At the Rio Olympics, American Ryan Lochte won gold as part of the US men’s 4 x 200 metre freestyle relay team. That medal, his 12th, made him the second most successful male Olympian swimmer of all time.
A few days later, he was accused of urinating in public, vandalising a petrol station, and making up stories about being robbed at gunpoint by a gang of Brazilians in the city. Lochte’s spectacular fall from grace led to serious consequences for the former world record holder. He faces career sanctions, was publicly castigated by Brazilian politicians, and lost an estimated US$1m in sponsorship.
The domestic US media also had a field day, with the New York Post printing the frontpage headline: “Liar, liar, Speedo on Fire”. The New York Post went on to say that the 32-year-old was “The Ugly American” and typified “everything the world hates about Americans”.
Shortly after that Speedo headline, the swimwear manufacturer and long-term sponsor of Lochte announced that their relationship with him was over. The company said it would instead donate a US$50,000 portion of Lochte’s fee to Save The Children’s charity work in Brazil, and said of the swimmer: “We cannot condone behaviour that is counter to the values this brand has long stood for.”
They added: “We appreciate his many achievements and hope he moves forward and learns from this experience.”
Since Speedo’s decision, three more of Lochte’s sponsors have followed suit. A common theme in the reasons given by all four companies was the insinuation that Lochte’s behaviour did not fit with their respective brands. In marketing terms, a brand is affected by what is called the “totality of perceptions” – everything a potential customer knows, sees, feels and hears about an organisation.
In the expensive world of athlete endorsements, organisations such as Speedo attempt to capitalise on the positive public attention and emotional ties generated by an athlete’s successes. The hope is that these associations then transfer to people’s perceptions of their product.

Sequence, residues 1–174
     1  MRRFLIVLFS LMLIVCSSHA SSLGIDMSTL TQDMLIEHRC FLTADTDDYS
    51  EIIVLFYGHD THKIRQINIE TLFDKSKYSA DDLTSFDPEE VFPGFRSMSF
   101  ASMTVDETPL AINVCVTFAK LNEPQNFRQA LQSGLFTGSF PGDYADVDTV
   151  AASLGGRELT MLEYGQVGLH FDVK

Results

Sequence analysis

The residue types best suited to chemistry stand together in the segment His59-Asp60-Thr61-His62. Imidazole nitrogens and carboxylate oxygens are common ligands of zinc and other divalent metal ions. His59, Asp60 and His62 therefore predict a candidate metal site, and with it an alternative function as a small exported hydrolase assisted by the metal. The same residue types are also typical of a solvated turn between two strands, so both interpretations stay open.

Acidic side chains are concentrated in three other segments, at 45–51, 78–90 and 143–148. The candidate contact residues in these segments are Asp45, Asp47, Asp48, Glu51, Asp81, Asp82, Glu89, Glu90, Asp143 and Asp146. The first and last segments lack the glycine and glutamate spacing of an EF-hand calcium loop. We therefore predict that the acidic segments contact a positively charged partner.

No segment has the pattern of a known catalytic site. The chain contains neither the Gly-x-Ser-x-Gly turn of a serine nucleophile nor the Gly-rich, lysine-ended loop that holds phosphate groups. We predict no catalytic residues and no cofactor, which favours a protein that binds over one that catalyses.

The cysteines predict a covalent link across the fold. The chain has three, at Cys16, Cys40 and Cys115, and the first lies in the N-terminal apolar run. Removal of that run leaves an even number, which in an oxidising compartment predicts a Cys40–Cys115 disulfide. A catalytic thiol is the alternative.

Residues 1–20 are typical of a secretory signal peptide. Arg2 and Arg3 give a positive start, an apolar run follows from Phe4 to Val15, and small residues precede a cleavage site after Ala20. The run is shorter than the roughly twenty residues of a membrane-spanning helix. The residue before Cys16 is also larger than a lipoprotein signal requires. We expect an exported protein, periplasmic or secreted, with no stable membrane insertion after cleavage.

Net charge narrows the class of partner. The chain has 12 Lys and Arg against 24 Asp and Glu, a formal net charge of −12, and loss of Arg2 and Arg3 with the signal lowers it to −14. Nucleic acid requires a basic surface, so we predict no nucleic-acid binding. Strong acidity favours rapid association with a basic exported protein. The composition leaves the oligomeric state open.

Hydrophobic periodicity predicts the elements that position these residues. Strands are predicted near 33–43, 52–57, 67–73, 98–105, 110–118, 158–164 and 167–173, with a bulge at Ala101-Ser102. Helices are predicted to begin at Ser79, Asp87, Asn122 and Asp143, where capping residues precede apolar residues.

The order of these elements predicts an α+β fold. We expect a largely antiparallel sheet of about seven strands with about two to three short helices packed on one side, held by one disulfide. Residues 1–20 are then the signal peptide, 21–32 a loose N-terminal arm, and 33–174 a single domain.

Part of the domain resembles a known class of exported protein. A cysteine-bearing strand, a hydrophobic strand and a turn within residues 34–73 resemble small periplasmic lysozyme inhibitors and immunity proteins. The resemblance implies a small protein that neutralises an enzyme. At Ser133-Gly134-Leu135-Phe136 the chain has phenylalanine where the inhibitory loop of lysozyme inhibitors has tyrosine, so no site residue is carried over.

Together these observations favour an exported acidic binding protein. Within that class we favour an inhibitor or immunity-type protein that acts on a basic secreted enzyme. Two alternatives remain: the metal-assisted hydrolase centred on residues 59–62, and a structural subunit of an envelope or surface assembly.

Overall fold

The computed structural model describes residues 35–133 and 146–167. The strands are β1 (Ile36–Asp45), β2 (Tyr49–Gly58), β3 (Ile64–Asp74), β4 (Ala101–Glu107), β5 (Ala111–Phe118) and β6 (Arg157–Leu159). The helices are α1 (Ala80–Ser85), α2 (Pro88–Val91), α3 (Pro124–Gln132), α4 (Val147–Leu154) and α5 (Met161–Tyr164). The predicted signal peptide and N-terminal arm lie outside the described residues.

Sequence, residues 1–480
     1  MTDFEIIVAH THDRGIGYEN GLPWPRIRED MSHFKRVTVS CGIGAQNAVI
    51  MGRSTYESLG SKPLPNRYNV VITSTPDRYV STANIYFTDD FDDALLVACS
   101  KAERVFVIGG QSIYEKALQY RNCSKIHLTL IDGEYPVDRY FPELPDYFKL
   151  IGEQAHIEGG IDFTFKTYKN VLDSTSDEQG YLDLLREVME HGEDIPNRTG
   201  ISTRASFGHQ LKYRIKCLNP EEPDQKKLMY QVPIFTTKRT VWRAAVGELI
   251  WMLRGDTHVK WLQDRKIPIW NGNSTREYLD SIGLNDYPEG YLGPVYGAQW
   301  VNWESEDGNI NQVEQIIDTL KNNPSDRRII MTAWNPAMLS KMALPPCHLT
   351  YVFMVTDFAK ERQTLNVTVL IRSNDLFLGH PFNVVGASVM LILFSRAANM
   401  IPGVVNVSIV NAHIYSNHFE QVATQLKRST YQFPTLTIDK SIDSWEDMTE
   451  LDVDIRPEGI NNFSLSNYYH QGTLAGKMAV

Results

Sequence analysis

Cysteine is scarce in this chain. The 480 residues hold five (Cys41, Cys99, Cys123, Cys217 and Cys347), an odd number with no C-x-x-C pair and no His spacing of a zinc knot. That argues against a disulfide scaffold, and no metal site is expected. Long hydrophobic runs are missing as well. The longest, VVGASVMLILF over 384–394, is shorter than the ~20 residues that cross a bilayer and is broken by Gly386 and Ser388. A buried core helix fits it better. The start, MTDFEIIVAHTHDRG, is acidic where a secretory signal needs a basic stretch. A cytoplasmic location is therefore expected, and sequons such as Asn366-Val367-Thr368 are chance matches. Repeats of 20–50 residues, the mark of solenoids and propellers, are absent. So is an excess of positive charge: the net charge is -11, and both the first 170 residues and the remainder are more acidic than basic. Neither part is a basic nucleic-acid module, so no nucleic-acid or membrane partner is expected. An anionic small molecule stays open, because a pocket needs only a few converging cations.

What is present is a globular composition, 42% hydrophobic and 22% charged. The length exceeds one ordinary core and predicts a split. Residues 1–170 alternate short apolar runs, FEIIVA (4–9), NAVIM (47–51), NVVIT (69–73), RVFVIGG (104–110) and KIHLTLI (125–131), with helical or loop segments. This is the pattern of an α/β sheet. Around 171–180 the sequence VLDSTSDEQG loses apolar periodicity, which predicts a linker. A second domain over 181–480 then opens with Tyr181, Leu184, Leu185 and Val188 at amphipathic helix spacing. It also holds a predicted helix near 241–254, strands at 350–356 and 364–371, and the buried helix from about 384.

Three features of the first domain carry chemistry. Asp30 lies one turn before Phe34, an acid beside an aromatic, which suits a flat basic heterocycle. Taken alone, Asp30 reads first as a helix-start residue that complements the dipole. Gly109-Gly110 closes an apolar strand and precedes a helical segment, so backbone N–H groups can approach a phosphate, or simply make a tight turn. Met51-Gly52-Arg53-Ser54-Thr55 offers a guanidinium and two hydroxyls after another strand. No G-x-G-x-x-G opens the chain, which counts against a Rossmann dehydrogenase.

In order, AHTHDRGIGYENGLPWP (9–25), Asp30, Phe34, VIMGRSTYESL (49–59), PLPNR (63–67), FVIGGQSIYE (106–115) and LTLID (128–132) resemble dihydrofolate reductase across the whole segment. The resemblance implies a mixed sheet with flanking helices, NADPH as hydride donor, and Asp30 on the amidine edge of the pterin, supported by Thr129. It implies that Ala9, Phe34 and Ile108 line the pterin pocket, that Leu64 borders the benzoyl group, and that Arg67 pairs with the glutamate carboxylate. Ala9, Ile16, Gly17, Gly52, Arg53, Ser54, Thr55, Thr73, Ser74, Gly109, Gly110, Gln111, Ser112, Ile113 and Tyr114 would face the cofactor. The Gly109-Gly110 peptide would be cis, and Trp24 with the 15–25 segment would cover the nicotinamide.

So if the emotional response that an athlete triggers is negative, as in Lochte’s case, we can hardly blame sponsors for wanting to terminate the relationship to minimise the potential damage to their own brands. Sponsors will also want to sever their ties before such perceptions become stable and enduring, and take the opportunity to reassert their own brand identities.
Speedo has done this extremely effectively.
To begin with, research suggests that athlete endorsements can both positively impact sponsor sales and market value. Put simply, the better an athlete does, the more stuff the sponsor will sell and the more money the sponsor will be worth.
Speedo cannot have failed to notice that Lochte’s performance at the London 2012 games (five medals in total, three of them in individual events) was significantly better than his performance at Rio 2016 (one medal in the four-man relay).
At 32, he is also eight years older than the average member of the American men’s swimming team, suggesting that his major sporting achievements are probably behind him. From a purely business perspective, then, Speedo’s decision therefore seems justified. Fewer medals means fewer bathing suits sold.
The decision to dump Lochte also brought Speedo a priceless amount of publicity. Their reaction was covered by media outlets across the globe, who also mentioned the company’s donation of part of Lochte’s endorsement fee to charity.
A gold medal in PR
The fact that Speedo has been so widely talked about has reminded both the swimming and non-swimming public that the company still exists. The statement announcing the end of the deal reiterated or introduced to the public how Speedo wish to be perceived. The donation to Save the Children, as well as guaranteeing traction in the media, served to both provide a counterpoint to the athlete’s behaviour, and distinguish Speedo from their competitors.
For the cost of a press release and a relatively small charitable donation, Speedo achieved massive media penetration, and a global assertion of their brand values. They could only have dreamed of such an impact if they had spent millions on a carefully calculated marketing campaign.
The overall effect is even more impressive if you consider that Speedo’s deal with Lochte was reportedly due to expire this year anyway. And although levels of publicity surrounding the organisation will wane as interest in the swimmer and his shenanigans dissipates, Speedo have used their brief opportunity effectively.
Lochte, meanwhile, who had aimed to compete at the Tokyo 2020 Olympic Games, is left with no lucrative endorsements, and the prospect of serious punishments from the US Olympic Committee and USA Swimming. He may have a good collection of medals to look at – but after his latest performance, Speedo are the clear winners.